A member of the Iraqi government forces guarding the Bai Hassan oil field, west of the northern Iraqi city of Kirkuk (AFP)
Iraq will start exporting oil from the northern Kirkuk fields to Iran before the end of January, Iraqi Oil Minister Jabar al-Luaibi told reporters on Sunday in Baghdad.
About 30,000 barrels per day of crude will be trucked to Iran's Kermanshah refinery in the first instance, he said.
"God willing, we will start before the end of the month," he added.
Trucking crude to Iran comes under a swap agreement announced last month by the two countries to allow a resumption of oil exports from Kirkuk.
Iraq and Iran have agreed to swap up to 60,000 barrels per day of crude produced from Kirkuk for Iranian oil to be delivered to southern Iraq, Luaibi said last month.
Kirkuk crude sales have been halted since Iraqi forces took back control of the fields from the Kurds in October.
Kurdish forces took control of Kirkuk in 2014, when the Iraqi army collapsed in the face of Islamic State. The Kurdish move prevented the militants from seizing the region's oilfields.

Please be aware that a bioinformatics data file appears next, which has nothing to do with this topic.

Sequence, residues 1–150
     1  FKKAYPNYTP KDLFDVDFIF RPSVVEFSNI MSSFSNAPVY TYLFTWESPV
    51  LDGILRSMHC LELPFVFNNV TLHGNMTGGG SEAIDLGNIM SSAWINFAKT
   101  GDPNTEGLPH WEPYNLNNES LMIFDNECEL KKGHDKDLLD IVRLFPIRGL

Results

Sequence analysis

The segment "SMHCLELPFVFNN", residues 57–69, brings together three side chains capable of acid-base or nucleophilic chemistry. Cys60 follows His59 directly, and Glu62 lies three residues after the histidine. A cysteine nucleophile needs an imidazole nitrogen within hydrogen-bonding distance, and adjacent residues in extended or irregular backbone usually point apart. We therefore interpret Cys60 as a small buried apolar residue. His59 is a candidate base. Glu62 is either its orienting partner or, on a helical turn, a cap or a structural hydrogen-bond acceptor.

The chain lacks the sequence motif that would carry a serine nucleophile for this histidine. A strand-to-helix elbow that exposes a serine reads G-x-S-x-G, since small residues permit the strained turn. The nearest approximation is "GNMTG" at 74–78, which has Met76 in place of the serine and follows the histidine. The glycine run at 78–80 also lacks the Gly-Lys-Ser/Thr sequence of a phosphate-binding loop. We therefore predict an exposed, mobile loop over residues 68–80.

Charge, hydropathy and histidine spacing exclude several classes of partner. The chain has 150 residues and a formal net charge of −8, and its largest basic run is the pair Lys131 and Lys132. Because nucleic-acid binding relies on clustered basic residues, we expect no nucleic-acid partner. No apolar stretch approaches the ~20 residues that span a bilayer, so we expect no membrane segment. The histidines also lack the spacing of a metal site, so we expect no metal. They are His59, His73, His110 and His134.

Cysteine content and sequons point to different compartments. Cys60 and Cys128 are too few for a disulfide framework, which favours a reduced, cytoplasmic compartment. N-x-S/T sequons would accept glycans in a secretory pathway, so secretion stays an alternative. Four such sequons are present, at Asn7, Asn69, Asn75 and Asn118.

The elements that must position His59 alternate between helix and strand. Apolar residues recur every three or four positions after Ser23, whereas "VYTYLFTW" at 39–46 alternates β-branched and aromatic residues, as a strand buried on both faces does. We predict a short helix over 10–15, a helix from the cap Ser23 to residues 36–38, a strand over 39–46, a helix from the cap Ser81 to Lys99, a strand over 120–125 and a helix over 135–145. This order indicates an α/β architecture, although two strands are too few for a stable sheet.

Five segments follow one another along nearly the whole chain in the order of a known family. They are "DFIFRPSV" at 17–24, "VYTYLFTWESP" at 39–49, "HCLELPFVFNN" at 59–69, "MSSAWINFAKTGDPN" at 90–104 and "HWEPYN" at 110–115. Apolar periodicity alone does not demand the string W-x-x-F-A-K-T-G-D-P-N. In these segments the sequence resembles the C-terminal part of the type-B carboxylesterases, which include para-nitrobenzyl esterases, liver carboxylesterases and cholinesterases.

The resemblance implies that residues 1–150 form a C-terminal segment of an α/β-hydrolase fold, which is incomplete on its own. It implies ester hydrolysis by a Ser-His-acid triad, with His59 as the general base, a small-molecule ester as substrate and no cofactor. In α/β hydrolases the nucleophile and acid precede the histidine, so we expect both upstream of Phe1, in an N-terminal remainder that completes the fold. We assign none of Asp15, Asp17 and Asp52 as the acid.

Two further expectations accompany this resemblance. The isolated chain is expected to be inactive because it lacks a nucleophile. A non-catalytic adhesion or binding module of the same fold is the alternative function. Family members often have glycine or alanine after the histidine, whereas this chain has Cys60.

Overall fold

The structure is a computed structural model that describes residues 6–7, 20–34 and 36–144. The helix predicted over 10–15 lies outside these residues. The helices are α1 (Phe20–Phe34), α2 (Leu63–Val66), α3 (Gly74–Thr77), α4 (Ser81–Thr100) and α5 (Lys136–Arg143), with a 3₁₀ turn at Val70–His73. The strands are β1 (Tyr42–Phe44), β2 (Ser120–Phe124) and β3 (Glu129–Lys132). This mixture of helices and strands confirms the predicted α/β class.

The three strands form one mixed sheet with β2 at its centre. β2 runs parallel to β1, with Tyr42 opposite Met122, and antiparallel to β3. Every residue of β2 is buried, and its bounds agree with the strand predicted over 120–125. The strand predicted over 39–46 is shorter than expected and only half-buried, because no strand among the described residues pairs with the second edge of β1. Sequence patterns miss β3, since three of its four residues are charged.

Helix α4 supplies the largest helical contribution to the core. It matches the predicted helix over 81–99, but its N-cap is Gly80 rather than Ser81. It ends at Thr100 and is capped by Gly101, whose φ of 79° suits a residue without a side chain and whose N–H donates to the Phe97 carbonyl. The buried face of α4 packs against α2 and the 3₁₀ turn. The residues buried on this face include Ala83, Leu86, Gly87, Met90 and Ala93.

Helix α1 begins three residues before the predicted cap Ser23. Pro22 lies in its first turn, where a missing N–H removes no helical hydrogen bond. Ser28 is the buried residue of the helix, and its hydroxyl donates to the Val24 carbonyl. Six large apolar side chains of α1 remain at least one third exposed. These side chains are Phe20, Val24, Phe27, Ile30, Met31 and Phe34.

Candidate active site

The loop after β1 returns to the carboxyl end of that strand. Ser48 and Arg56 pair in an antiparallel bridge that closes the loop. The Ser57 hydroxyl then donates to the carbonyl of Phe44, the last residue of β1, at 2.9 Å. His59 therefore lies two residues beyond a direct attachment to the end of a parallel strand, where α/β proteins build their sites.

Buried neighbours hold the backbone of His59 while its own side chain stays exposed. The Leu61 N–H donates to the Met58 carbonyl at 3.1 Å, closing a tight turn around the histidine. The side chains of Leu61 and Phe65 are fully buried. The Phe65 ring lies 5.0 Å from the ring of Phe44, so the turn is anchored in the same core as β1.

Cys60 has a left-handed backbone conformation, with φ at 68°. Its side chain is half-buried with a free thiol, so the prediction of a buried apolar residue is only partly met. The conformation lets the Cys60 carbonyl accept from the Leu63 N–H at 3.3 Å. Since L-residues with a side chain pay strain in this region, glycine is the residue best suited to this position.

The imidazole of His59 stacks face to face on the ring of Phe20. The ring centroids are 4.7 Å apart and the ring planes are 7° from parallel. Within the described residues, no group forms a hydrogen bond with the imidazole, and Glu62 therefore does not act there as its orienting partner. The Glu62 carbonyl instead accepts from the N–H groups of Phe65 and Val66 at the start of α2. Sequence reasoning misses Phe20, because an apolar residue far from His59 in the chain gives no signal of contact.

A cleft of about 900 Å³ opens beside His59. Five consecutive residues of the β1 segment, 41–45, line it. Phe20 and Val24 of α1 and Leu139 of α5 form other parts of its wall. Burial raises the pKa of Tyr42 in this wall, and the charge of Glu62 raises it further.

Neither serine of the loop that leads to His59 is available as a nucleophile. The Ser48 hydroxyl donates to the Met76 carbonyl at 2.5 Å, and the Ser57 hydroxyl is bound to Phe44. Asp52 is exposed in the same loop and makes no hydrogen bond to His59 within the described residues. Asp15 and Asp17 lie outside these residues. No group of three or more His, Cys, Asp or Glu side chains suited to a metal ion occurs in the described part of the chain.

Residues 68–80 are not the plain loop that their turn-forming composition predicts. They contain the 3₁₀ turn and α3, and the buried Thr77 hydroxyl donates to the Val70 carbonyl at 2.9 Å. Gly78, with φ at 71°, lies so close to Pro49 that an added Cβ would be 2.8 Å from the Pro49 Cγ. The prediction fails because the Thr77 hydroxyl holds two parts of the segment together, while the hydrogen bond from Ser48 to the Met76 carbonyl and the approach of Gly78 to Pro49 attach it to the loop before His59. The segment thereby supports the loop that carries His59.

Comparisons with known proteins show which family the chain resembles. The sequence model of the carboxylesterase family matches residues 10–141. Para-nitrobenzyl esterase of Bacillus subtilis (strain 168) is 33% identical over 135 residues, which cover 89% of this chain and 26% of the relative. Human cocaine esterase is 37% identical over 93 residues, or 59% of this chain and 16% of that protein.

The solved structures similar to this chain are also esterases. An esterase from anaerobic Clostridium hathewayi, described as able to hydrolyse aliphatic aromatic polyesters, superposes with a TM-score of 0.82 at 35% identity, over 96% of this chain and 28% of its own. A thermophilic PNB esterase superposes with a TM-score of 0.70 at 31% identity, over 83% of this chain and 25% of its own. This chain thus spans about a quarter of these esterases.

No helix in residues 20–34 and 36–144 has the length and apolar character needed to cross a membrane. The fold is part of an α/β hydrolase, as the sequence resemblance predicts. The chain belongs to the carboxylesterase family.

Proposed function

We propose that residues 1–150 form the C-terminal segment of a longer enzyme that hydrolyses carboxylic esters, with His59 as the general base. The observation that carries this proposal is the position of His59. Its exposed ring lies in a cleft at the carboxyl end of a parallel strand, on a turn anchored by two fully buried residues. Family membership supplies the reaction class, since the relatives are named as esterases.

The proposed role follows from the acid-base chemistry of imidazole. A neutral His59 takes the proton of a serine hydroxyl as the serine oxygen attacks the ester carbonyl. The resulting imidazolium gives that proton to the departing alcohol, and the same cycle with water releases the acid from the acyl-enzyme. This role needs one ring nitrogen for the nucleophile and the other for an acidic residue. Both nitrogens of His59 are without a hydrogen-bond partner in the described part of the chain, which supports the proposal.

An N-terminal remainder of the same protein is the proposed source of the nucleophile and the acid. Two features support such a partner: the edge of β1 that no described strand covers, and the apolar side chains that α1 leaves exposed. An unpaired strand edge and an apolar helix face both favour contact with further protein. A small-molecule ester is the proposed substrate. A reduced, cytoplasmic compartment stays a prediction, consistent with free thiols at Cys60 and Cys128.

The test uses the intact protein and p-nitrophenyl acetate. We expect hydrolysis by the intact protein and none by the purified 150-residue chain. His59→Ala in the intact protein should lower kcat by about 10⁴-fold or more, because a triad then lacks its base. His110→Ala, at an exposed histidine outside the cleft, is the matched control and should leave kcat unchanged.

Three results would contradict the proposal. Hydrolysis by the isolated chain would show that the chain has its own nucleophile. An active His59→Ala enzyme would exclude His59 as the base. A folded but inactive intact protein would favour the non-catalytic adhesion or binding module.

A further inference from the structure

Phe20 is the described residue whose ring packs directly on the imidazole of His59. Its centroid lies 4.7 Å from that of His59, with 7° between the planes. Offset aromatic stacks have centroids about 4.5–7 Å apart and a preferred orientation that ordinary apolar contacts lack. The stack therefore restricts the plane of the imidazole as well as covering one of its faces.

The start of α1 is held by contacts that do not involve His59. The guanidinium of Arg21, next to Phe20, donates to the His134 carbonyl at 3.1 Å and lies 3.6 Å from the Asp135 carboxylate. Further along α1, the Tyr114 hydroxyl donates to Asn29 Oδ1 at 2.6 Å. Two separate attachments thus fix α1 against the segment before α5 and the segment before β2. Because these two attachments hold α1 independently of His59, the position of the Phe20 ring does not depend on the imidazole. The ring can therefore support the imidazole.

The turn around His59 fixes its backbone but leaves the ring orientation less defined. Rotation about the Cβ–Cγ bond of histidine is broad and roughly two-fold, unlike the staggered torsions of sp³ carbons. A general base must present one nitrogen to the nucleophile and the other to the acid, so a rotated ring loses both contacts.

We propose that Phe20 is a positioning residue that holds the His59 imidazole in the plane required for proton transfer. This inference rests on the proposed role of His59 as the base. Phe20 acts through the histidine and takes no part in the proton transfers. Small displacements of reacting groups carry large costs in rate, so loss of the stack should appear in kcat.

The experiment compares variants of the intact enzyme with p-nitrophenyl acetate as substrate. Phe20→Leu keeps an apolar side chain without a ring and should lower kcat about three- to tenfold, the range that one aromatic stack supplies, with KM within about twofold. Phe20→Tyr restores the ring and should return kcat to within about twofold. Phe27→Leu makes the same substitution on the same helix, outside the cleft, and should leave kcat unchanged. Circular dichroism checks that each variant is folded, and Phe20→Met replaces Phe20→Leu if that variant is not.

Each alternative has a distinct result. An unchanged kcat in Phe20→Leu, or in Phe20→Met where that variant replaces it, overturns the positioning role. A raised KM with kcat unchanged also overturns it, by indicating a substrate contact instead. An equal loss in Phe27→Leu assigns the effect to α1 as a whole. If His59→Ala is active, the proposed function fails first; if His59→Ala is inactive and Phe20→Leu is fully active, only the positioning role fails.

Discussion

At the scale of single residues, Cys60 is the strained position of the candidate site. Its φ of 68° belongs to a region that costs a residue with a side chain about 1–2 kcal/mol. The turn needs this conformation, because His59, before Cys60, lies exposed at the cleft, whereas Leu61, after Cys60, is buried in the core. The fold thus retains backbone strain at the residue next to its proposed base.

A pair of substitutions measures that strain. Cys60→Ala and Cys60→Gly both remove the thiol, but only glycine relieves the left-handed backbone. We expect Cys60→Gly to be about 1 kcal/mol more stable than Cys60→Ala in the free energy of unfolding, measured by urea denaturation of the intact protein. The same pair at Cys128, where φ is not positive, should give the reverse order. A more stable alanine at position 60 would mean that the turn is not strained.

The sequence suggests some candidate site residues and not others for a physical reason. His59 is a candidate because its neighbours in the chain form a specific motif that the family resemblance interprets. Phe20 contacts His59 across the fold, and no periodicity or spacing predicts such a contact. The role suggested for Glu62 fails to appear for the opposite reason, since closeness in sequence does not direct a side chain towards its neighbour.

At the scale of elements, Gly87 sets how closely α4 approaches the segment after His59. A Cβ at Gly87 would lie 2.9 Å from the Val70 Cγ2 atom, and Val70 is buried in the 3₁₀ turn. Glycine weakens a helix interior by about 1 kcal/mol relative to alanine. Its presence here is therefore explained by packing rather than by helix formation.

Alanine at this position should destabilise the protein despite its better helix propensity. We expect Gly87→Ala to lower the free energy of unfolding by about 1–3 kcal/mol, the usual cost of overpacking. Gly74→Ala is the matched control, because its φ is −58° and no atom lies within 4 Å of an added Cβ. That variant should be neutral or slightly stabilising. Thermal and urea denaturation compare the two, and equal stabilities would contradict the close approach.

Iraq and Iran are also planning to build a pipeline to carry the oil from Kirkuk to avoid having to truck the crude, Luaibi said last month.
The planned pipeline could replace the existing export route from Kirkuk via Turkey and the Mediterranean.
The pipeline is to run for 350km and have a capacity of more than a million barrels per day, the ministry said.
It is to replace one built in the 1980s that was damaged in attacks by the IS.
Foreign and domestic companies have a month to bid for the project, a quarter of which will be awarded to local companies, the ministry said last month.
Iraq's oil ministry set 24 January as a deadline for interested companies to submit letters of interest in building the new pipeline, Reuters reported.
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